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BY COLUMNISTS

| Joe Charlebois | Guest Columnist | Harry M. Covert | Norman M. Covert | Hayden Duke | Jason Miller | Ken Kellar | Patricia A. Kelly | Edward Lulie III | Tom McLaughlin | Patricia Price | Cindy A. Rose | Richard B. Weldon Jr. | Brooke Winn |

DOCUMENTS


The Tentacle


August 24, 2016

At Last, Aliís Grave

Tom McLaughlin

Kampung Jaie, Malaysian Borneo – I was a bit frustrated trying to get to this kampung. The Bomoh told us he could not meet us until September. I said we were going without him.

 

The Bomoh (witch doctor) said he was coming, then he said he wasn't and then he said he was. We were searching for the grave of Ali Wallace, the companion to Alfred Wallace, who, along with Darwin, postulated the Theory of Evolution. People in the world of the History of Science had been looking for him for years.

 

I wanted to get an early start because of the heat. My Canadian friend, who was driving, had to drop off his son at daycare so he couldn't come until 9 A.M. Then, he showed up at 8 A.M. and let his in-laws do the child daycare thing.

 

We discovered the Bomoh was sitting in a coffee shop about six tenths of a mile away. We got everyone in the car and moved out.

 

Forty-five minutes later, we arrived at the ferry which was to take us across the river. Only it wasn't running and would not make crossings until 11 A.M., two hours later. I quizzed a local and found out the river had to rise with the sea tide coming in.

 

The Bomoh said he had been yesterday and the same thing had happened. He sat down with my wife and had tea while I searched for a gun to shoot him. Why hadn't he told us before we left, or last night even?

 

After a slow, creeping two hours passed, the ferries began operation. They held about 18 cars and innumerable motor bikes. The width of the river was only about 165 feet. I could have easily swam across it. We got going again.

 

The road followed the north coast of Borneo in an easterly direction. There were banana trees lining the two-way artery. A few houses, some new, others dilapidated, were just back beyond the banana trees. Beyond that, for as far as the eye could see, were wetlands that met the South China Sea.

 

About 45 minutes or so later, we began to look for a road that entered into that area. We found a bent over sign that said Jaie, so we took the next left. We rode through high grass and came to a slight hill with a bridge over a creek. Then houses, new and old appeared followed by a small town.

 

We wended our way back to a sea crossing over small rivulets of water. The land was dry and grew some fruit trees. I could not understand how the land was so dry and stable being so close to the sea.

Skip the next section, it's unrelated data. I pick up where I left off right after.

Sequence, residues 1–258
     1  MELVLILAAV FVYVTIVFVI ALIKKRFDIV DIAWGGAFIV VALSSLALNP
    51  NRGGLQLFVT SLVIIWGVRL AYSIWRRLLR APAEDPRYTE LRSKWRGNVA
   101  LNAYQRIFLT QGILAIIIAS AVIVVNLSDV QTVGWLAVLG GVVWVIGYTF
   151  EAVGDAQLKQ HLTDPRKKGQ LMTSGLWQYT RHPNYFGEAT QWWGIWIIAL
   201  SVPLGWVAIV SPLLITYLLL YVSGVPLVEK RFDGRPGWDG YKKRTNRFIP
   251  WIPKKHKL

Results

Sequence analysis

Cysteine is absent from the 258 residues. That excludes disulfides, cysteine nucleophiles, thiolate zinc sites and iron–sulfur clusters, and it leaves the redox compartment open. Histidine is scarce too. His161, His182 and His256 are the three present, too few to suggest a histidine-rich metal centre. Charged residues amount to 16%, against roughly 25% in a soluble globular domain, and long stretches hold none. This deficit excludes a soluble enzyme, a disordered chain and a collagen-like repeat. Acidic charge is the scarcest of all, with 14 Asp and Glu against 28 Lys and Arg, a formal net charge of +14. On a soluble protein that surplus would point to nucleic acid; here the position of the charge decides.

We pulled in next to a house and the Bomoh introduced us to everyone. The important players were Jonspot and Abdul, the grandchildren of Panglima Seman. We salamed them (two hand are extended to receive two hands and the head goes down over the clasp in recognition of respect) and sat down to listen.

 

My wife led the conversation. After the pleasantries of who was who, (she had to go into detail about me and Alex being white and all) we started on the description of Ali's box.

 

Jonspot had opened it when he was small, but his mother admonished him because she said it was haunted. He saw papers and pictures. One of the pictures was of Ali and a tall white man who we can assume was Alfred Wallace. However, the box and papers were buried under a slab of concrete, the foundation of a new house.

 

A pontoon is a four verse poem that rhymes. The first two lines do not mean anything, while that last lines hold the meaning. The fact that the first verse of the pontoon went "Apa kabar Weles serani" meant that Wallace had had a strong connection to the area, probably through Ali. I later got Jonspot under a tree and got him to sing it without the help of the Bomoh. He did. No hesitation or no thinking about it. I was satisfied that this was the place where Ali had ended up.

 

The grave was made of a very hard wood called Bilian or Ironwood. There was a rectangle of these followed by a foot and head wood in the center. Around this grave were other, more modern ones with Ali being a father written on a small metal plate.

I wanted to see the sea and to try to imagine the boats coming in from Kuching. It was then I noticed a 30 foot high and about six foot wide dike that protected the kampung from the sea. We walked along it with sea water on one side and dry land, suitable for farming, on the other. I have no idea when it was build, but Ali's house was over there in the water.

It had been a long search for Ali (nine years off and on) but I am still satisfied I have found him. Now more research before I publish my findings.

Remember, you read it in The Tentacle first!

 

…life is good. . . . .

 



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